Sperm and Linseed Oil
Cheese, Potk, Beef Tongues
Codfish, Salmon. Mackerel
Herring and Hallibuts Fins
Bale Rope and Bagging
Harness and Saddlery
Buckets, Tubs, Baskets
Hay and Shorts, Brooms, &e.
Together with a fine assortment of Hardware
and Cutlery, as
Mill and Cress Cut Saws
Trace Chains, Hoes, Axes
Shot Guns, Rifles, Pistols
Bowie Knives, Arkansas Tooth Picks, &c.
Per brigs Hartley, Cumberland, Sadi. &c.—
The assortment will be kept full by the regular
line of Packets. The above goods will be sold
low. Terms Cash. E. J. WOOD &• CO.
St. Joseph, Flor.
Nov. 1. 1837 24 ts
IS now receiving his fall supply of Groceries,
from brig Rhine, from New York, and brig
Alto, Brown, Baltimore.
130 barrels superfine FLOUR
120 “ Baltimore rectified Whiskey
250 kegs assorted Liquors
140 barrels Bread and Crackers
20,000 lbs. Bacon, in bams and middlings
30 boxos Tobacco, all brands
150 barrels Mackerel
40 “ com. Gin
10 “ best Holland, do
GO “ Rum, N. E.
20 “ Monongahela Whiskey
30 “ Peach Brandy
50 qr. casks Wine, all kinds
200 boxes, do
50 baskets Champagne
30 boxes Sperm Candles
5 half pipes segnt. Cognac Brandy
50 bags Havana Coffee
30 “ liio do
50 bbls. and 20 hds. Sugar, St. Croix and
Also, Bagging, Rope, Crockery, Glass and
China Ware. Negro Shoes, Sfc.
500 sacks Salt, by the brig Cumberland, which
will.be in market by the 20th instant.
And is prepared to pay cash or advance on
Cotton, on shipment to his ftiendsin New York,
Baltimore, Charleston, or New Orleans.
JNO. T. MYRICK.
Apalachicola, Oct 10, 1837 23
COLUMBUS COTTON FACTORY.
THE owners of the Columbus Factory respect
fully inform the public that it is now in operation.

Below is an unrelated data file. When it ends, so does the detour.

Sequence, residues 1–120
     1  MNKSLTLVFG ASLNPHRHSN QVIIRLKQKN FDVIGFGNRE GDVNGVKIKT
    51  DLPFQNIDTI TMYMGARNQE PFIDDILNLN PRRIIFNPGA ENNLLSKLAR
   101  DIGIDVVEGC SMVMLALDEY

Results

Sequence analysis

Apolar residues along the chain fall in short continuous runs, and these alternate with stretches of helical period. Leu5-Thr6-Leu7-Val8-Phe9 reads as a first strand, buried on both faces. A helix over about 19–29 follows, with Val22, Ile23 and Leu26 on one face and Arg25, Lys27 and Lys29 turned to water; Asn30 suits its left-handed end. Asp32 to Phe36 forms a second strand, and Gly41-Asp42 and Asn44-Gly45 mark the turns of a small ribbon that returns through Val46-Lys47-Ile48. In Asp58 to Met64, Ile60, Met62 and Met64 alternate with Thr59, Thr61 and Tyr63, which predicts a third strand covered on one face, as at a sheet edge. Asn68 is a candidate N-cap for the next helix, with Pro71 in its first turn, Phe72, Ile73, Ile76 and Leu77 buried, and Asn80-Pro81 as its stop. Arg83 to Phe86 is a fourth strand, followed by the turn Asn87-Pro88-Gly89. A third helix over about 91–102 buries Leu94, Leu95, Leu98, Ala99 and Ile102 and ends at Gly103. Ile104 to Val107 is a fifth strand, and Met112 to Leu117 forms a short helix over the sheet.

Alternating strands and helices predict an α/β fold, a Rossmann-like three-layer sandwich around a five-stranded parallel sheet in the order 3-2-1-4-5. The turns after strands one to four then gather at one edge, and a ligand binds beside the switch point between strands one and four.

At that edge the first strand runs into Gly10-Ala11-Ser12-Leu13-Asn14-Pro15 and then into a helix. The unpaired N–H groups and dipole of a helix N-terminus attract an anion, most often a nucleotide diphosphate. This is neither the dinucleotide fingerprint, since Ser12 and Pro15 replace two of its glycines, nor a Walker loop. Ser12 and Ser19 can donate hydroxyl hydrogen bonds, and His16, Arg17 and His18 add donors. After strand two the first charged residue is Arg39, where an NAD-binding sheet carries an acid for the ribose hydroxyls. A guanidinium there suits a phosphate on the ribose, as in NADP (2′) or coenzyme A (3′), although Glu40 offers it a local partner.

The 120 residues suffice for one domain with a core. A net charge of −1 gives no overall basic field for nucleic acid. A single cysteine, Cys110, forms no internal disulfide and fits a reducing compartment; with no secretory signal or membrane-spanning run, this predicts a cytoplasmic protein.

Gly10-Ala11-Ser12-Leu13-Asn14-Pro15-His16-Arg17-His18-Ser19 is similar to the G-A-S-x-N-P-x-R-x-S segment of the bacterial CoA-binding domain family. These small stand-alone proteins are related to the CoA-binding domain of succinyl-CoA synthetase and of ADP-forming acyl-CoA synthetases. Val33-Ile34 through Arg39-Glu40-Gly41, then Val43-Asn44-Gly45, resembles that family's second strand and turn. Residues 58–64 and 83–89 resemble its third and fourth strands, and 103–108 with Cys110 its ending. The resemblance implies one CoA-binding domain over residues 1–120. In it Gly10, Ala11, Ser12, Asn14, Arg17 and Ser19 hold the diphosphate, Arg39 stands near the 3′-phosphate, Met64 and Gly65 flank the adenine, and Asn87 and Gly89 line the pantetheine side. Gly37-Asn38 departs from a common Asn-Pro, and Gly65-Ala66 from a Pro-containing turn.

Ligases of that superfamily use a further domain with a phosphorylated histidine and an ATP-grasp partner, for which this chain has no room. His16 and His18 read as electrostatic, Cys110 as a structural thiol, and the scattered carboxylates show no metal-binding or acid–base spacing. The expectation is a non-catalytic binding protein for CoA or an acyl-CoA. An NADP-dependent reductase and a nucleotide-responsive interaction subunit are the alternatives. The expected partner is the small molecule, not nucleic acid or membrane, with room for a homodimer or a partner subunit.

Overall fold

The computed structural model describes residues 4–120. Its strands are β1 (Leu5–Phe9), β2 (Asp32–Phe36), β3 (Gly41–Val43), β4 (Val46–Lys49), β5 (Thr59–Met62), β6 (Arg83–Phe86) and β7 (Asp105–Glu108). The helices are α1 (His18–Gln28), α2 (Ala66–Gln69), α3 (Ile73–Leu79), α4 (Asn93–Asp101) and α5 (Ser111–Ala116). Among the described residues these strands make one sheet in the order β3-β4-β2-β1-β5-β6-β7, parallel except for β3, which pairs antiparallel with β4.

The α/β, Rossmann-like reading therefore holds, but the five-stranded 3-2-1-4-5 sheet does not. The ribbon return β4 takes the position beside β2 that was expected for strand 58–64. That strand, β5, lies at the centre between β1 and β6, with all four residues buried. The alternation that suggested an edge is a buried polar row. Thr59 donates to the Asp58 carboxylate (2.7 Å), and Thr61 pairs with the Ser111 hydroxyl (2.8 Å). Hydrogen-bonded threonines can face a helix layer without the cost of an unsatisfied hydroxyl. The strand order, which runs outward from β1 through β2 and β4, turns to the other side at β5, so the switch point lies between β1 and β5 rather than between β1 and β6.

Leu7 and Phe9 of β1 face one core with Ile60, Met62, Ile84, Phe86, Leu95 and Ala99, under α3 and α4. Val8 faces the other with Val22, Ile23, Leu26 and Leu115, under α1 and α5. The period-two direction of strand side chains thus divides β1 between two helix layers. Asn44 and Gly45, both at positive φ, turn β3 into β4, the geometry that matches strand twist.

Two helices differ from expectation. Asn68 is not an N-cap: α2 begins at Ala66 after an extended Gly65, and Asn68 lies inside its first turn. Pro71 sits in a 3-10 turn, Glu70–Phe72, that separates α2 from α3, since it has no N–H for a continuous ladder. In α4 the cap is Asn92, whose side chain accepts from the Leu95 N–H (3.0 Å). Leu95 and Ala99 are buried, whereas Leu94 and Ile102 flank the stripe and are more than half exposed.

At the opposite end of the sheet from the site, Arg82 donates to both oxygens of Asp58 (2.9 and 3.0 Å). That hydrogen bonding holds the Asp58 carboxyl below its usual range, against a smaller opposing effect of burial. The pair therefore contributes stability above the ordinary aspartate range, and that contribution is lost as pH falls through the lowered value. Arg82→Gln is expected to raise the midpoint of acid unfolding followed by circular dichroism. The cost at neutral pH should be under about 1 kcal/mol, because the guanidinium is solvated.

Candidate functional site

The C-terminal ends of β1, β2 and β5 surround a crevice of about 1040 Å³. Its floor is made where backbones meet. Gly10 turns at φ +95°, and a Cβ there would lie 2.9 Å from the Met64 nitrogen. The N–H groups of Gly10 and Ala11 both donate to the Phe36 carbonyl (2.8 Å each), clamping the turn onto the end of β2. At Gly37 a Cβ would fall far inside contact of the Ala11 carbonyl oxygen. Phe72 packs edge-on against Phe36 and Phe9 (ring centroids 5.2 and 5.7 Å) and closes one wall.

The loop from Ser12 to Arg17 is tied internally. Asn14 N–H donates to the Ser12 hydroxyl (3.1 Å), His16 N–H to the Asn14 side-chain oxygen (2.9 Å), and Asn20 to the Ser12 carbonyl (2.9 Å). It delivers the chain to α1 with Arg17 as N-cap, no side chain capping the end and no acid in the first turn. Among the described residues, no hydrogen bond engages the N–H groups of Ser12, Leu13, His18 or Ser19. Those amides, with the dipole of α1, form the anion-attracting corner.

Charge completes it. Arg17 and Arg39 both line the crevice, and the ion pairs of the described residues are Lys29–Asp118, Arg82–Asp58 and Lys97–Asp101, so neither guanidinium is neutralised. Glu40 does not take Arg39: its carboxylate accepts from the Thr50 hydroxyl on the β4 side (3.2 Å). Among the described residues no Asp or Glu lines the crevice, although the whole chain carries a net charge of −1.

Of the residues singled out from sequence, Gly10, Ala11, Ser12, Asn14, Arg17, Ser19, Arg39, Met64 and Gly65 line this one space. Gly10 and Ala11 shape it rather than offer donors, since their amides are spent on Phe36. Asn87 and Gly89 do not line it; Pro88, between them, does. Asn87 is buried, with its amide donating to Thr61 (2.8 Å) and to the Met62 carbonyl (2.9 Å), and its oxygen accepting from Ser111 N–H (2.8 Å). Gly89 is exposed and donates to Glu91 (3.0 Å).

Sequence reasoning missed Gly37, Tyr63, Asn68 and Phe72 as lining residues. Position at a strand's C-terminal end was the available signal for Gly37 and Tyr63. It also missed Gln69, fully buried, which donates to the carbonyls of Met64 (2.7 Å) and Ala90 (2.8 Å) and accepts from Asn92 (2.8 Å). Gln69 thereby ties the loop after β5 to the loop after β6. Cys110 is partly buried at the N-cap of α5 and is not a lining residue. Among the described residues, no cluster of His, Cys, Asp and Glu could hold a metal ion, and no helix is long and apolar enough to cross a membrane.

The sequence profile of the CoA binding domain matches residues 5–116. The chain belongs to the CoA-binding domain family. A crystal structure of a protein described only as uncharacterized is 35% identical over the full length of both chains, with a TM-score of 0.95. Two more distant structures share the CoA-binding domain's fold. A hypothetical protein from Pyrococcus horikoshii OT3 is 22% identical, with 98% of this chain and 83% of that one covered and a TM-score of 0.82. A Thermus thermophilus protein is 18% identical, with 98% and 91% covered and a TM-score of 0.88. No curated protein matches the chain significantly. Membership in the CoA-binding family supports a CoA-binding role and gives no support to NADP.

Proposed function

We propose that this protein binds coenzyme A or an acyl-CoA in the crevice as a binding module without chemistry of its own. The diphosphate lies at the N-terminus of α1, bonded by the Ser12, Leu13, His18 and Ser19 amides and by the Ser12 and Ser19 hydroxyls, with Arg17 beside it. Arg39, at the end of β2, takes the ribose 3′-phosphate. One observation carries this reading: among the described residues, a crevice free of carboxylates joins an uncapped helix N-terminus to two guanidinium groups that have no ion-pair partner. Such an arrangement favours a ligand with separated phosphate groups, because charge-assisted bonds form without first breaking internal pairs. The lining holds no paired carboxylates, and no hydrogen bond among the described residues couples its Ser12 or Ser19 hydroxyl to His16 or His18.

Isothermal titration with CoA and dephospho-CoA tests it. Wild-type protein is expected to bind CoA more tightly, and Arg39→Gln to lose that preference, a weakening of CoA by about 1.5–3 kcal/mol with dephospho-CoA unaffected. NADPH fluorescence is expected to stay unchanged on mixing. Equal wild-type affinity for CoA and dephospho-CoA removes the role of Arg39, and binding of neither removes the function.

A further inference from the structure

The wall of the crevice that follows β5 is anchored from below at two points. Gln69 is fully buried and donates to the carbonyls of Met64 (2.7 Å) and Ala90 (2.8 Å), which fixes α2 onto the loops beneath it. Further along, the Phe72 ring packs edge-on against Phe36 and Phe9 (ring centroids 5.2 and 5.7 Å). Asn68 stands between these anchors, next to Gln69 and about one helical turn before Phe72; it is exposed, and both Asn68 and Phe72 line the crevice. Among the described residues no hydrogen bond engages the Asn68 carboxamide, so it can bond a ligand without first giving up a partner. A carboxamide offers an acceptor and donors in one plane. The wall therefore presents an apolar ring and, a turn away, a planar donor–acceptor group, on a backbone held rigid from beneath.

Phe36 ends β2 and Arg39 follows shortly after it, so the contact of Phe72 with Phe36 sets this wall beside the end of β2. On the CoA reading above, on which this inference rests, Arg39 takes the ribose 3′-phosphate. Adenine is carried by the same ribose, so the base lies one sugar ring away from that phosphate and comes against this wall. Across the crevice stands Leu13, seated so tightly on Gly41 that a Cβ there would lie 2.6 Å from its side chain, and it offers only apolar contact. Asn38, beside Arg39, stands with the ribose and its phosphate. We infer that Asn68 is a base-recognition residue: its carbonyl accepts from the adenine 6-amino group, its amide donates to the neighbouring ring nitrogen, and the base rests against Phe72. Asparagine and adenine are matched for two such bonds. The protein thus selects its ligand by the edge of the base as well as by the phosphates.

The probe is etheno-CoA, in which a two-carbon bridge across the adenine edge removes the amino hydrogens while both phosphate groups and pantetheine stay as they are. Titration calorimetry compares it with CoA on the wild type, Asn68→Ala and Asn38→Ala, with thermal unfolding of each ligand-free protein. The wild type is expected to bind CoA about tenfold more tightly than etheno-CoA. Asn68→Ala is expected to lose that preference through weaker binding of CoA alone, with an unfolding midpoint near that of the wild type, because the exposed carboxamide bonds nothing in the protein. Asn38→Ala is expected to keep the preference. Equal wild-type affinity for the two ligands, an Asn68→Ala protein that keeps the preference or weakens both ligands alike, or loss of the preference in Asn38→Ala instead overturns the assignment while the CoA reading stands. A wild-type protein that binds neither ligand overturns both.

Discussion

They have on hand a general assortment of YARNS,
which may be had at all times at the most reduced
Their Wool Carding Machine is also in operation,
and any thing in that line will be done at the shortest
|. fp 3 A number of boys and girls wanted to work
at the Factory, for which the most liberal priees will be
gi.en by the week or month. Apply to
STEWART & FONTAINE, or
S. K. HODGES & CO.
Columbus, Feb. 8 6 ts
S. T. CHAPMAN,
ATTORNEY & COUNSELLOR AT LAW,
WILL attend the several Courts in Muscogee,
and the adjacent counties of Georgia and Ala
bama. Otfice in Hepburn’s buildings, immediately op
posite the Oglethorpe House.
Hon. Jno. Macpherson Berrien,
Hon. William Law,
M. Hali. McAllister,
Hen. Robert M. Charlton,
Hon. Charles S. Henry,
Col. Seaborn Jones,
Col. J. F. Foster,
Col. J. W. Campbell,
Colquitt, Holt & Echols,
April 26. 12tf Columbus.
DRS. HOLT AND PERSONS
ARE united in the practice of Medicine. Their
Offices are on Broad street, just below the City
Hall, and on Randolph street, in the upper tenement
of Calhoun’s Granite Building.
Besides the usual branches of the practice of Medi
cine, Drs. 11. and P. tender their services as Surgeons
of some experience in the higher operations—such as
operations for all diseases of the eyes, for Hernia, Li
thotomy, &c, &c.
Marbh 23. 12tf
FROM the subscriber, living in Stewart county,
about the 6th May last, a stout negro fellow,
about 23 years old. a blacksmith. His name is PER
RY. It is very probable that he is lurking about Col.
Jones’ mills, near Columbus. He is very large and
dark complected. I will give twenty dollars for his
apprehension and safe confinement in jail, so that I get
him. LEWIS DUPREE;
August 2,1838. 27 6t
NEW AUCTION A COMMISSION STORE.
THE subscribers respectfully inform the citizens
of Columbus, and the public generally, that
thev have entered into a copartnership, under the firm
of PULLUM & MOORE. They have taken the
stand formerly occupied by E. S. Norton, known as
the Columbus Auction Rooms, west side Broad st.,
where they are prepared to attend to the above busi
ness in all its branches.
They hope, by punctuality and prompt attention to
business, to be entitled to a share of the public pa
tronage. THOMAS PULLUM,
R. L. MOORE.
Col. A. B. Ragan, Hampton W. Smith,
Col. John Banks. Wni. P. Malone.
Messrs. R. A. Greene, Columbus.
C. & G. H. Kelsey & Halsted, Charleston, S. C.
Kimbrough & Smith, St. Joseph, Fla.